Prepared by Susan Coppedge, July 2006
with funding from the sponsors of the Ian Axford (New Zealand) Fellowships in Public Policy
Susan Coppedge is an Assistant US Attorney in the United States Attorney’s Office for the Northern District of Georgia, in Atlanta. In this capacity she has successfully prosecuted a variety of criminal cases including human trafficking cases, public corruption, and document fraud/identity theft. Susan received her law degree from Stanford University and her undergraduate degree from Duke University.
During Susan’s Ian Axford Fellowship exchange to New Zealand she was based at the Ministry of Justice in Wellington, where she researched the enforcement of New Zealand laws passed to curtail and punish human trafficking, smuggling and commercial sexual exploitation.
People trafficking is a global epidemic with an estimated 800,000 people trafficked each year, the majority being trafficked into commercial sexual exploitation. This report looks at the range of laws in effect in New Zealand to address both people trafficking and commercial sexual exploitation. Cases are already being successfully brought under the Prostitution Reform Act and the smuggling provision of the Crimes Act. To date, there have been no cases brought under the trafficking provisions of the Crimes Act (section 98D). People trafficking and commercial sexual exploitation cases bring unique issues with respect to victims, both in terms of identifying them and working with them to achieve a successful prosecution. The analysis includes identification of future challenges New Zealand faces in combating under-age commercial sexual exploitation. The report also contains a survey of some non-governmental organisations and the work they do to prevent at-risk youth from engaging in commercial sexual exploitation.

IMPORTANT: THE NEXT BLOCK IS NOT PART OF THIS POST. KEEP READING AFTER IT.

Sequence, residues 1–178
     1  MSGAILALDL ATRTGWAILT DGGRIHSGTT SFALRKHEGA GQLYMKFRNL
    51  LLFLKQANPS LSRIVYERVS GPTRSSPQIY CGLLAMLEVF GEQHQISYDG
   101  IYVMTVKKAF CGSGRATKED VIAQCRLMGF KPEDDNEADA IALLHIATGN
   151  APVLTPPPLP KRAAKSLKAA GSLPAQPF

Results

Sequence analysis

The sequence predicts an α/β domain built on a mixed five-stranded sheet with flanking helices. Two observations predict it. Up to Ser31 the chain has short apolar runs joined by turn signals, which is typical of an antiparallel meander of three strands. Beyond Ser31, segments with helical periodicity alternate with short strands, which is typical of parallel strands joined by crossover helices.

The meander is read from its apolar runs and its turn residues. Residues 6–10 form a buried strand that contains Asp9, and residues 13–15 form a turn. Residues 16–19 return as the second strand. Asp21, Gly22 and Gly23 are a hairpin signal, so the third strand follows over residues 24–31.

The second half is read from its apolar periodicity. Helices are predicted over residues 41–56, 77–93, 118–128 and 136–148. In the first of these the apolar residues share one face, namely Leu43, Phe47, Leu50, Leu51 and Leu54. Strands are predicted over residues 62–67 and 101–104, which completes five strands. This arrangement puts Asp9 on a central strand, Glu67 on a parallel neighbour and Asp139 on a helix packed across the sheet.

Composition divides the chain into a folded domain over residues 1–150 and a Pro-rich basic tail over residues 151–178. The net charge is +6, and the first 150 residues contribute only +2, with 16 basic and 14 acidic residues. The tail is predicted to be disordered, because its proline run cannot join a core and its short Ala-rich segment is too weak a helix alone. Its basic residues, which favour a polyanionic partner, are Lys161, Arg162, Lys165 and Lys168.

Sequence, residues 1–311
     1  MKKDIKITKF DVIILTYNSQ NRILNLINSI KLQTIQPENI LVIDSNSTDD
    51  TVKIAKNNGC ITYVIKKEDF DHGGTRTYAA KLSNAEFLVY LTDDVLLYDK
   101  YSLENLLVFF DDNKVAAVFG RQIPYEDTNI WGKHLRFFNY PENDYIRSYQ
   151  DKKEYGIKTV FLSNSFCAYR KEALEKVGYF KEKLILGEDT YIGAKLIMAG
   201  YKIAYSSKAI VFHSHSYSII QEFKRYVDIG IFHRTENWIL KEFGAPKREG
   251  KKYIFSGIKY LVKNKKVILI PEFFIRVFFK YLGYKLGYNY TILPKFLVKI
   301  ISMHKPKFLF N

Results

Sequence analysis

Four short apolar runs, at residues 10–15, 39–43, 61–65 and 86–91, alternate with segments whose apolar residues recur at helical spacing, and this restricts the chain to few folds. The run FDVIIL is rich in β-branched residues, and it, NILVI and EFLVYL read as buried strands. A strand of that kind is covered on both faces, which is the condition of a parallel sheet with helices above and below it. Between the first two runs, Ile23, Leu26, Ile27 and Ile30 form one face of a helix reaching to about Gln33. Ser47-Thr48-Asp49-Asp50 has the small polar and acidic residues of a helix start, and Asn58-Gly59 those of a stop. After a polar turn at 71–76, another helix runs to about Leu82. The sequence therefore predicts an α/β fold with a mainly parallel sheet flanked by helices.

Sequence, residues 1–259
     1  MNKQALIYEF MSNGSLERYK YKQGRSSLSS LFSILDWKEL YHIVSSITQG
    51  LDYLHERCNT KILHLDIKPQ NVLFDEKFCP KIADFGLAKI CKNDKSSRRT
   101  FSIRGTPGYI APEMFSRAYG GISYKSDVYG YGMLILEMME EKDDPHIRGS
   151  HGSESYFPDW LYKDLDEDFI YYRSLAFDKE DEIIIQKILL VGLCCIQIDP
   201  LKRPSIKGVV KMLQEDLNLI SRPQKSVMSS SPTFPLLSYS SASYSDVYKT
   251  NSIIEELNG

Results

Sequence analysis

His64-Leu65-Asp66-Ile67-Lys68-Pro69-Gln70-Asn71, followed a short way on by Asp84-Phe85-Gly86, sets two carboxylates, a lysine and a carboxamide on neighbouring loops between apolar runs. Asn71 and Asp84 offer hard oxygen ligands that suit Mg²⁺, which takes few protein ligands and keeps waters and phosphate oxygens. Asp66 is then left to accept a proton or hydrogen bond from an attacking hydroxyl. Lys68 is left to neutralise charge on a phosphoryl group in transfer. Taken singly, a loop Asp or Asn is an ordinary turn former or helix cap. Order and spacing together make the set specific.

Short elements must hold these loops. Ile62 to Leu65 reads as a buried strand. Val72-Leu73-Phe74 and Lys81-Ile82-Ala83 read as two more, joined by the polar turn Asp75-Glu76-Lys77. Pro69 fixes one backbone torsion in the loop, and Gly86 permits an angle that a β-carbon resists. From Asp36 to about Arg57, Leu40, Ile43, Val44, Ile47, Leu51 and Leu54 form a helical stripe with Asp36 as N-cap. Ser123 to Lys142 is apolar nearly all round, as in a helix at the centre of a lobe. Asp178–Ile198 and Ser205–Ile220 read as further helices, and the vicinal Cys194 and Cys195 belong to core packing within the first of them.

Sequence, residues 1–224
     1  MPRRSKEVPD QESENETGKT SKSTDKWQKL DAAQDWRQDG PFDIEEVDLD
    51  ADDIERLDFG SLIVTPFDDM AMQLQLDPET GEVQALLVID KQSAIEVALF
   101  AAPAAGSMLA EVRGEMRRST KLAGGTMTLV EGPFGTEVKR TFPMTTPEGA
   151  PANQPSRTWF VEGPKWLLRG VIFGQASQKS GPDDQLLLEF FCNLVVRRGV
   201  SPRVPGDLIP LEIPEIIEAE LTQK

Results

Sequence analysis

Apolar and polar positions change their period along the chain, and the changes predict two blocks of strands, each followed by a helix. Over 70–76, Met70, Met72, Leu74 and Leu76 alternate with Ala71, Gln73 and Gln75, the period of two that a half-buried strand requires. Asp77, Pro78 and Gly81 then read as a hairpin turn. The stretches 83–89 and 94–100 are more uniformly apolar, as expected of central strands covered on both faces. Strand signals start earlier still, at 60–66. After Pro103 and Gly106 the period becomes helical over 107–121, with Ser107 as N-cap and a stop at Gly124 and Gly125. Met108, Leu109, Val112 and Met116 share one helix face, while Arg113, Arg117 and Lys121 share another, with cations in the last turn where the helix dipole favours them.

By presenting three case studies, the report examines potential transnational people trafficking in New Zealand. These case studies arose prior to the enactment of the trafficking laws in 2002, but provide a basis for analysing people trafficking in New Zealand and an indicator of what cases may arise in the future. These case studies also provide scenarios for training law enforcement in recognising and investigating people trafficking. Lastly, recommendations are made as to what steps New Zealand can take to reduce commercial sexual exploitation of persons under 18 years of age and prosecute future people trafficking cases.
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